Probably one of the most commonly asked questions I get is: “How is your relationship with your parents?” Blog readers ask me this. People who knew my family when I was a kid often ask me this. Even Michael Pearl asked me this after I confronted him on Anderson Cooper’s TV show. And I’m sure this is a question I’ll receive repeatedly after my book is published this coming March.
Here is the short answer: It’s messy.
Unlike many people who left my childhood church never to see its leaders again, I didn’t have that option. My parents WERE church leadership. I could leave the church but how exactly does one leave family?
All I can say is that for the past ten years, it’s been an imperfect process. We’ve had our ups and downs. We’ve had our times of silence, we’ve had to cobble together a kind of uneasy truce, we’ve had to draw and redraw boundaries. Sometimes we agree not to discuss Certain Topics. Other times we dive in headfirst. Mistakes have been made on both sides.
But here’s the thing: we keep trying.
To be quite honest, I’ve had enough of schism, division, fighting and theological wars. I’ve discovered that if we can meet on neutral ground, we find common ground.
I’m not worried about my parents reading my book. They already know everything that happened–ha ha. There aren’t going to be any surprises. The only surprise, perhaps, will be for them to see the experiences through my eyes.
I’ve already given them permission not to read it. I’ve said: “If you think reading my book will cause you unnecessary suffering, by all means, don’t read it.”
It really no longer matters to me whether my parents ever truly understand or DON’T understand what my life was like inside fundamentalism. Because I’ve dealt with my sh*t, ya know? I’ve hashed it out in years of therapy, journaling and twenty jars of Cookie Butter. Give or take.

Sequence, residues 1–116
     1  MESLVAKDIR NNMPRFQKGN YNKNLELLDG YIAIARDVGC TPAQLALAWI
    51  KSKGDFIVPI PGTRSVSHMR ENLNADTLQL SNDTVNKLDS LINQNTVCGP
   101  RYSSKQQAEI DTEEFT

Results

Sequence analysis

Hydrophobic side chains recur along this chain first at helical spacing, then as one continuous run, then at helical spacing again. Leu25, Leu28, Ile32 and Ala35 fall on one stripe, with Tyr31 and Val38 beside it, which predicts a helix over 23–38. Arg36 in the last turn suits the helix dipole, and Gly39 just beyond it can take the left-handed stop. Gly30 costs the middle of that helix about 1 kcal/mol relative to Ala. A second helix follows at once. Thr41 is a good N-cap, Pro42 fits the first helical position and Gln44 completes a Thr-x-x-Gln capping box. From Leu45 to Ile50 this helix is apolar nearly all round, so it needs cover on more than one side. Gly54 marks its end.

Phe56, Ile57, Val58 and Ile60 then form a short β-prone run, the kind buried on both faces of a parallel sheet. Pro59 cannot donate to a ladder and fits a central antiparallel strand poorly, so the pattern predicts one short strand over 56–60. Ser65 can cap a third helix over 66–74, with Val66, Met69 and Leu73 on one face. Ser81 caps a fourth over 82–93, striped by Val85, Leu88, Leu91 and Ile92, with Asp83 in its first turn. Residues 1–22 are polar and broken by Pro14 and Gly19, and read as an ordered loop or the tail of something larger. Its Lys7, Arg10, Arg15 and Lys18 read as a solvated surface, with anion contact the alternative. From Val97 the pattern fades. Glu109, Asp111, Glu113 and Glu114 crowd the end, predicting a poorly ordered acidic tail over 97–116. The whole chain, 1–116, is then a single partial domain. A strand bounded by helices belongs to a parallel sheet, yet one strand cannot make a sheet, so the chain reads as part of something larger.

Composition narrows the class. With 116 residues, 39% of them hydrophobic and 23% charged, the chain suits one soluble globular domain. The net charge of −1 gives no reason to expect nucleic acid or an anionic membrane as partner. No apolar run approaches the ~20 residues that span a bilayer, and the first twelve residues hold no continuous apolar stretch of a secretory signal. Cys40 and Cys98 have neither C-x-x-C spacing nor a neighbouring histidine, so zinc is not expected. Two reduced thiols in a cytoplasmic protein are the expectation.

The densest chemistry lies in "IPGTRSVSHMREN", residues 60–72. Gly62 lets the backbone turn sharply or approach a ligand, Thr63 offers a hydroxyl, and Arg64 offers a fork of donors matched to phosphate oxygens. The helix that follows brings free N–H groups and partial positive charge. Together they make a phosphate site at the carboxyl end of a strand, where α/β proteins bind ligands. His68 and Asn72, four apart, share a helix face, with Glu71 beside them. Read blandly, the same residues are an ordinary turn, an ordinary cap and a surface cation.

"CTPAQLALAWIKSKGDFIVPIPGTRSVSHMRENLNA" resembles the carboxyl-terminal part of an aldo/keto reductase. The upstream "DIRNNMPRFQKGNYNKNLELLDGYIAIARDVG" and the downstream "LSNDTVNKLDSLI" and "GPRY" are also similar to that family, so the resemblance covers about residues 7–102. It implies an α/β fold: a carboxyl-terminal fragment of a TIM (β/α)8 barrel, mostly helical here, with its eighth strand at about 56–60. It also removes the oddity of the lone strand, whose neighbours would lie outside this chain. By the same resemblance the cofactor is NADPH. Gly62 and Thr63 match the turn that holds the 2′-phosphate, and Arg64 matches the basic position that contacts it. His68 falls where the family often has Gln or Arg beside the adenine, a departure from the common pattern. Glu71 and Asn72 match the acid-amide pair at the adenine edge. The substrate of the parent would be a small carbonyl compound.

I didn’t write the book so other people would understand me, I wrote the book so others would understand they are not alone. I wrote the book for you. I wrote the book because if I know one thing it’s that many, many people undergo harmful church experiences and even if their stories are not the same as mine, those who read my book will find themselves. Or someone they know. Or maybe–perhaps–see the ways they unwittingly perpetuated harm.
I believe in reconciliation begins with mutual respect and understanding. My parents have changed so much over the past ten years. I have, too. Over the past ten years, we’ve been involved in the sometimes difficult, sometimes heartbreaking, sometimes triggering work of reconciliation. I have to take lots of breaks. Lots of naps. But ultimately, I keep coming back and this is what I’ve learned:
I accept the things I cannot change.
I cannot change my past.
But I can be serene.
I can be kind.
I can be courageous enough to change the things within my power–mainly, myself.
This is why I keep doing the work of reconciliation. Because when both parties are willing to come to the table peacefully, leaving space for God–that is when the healing begins.
I guess that would be my answer: “My relationship with my parents is healing.”
And for that, I’m thankful. Happy Thanksgiving, everyone.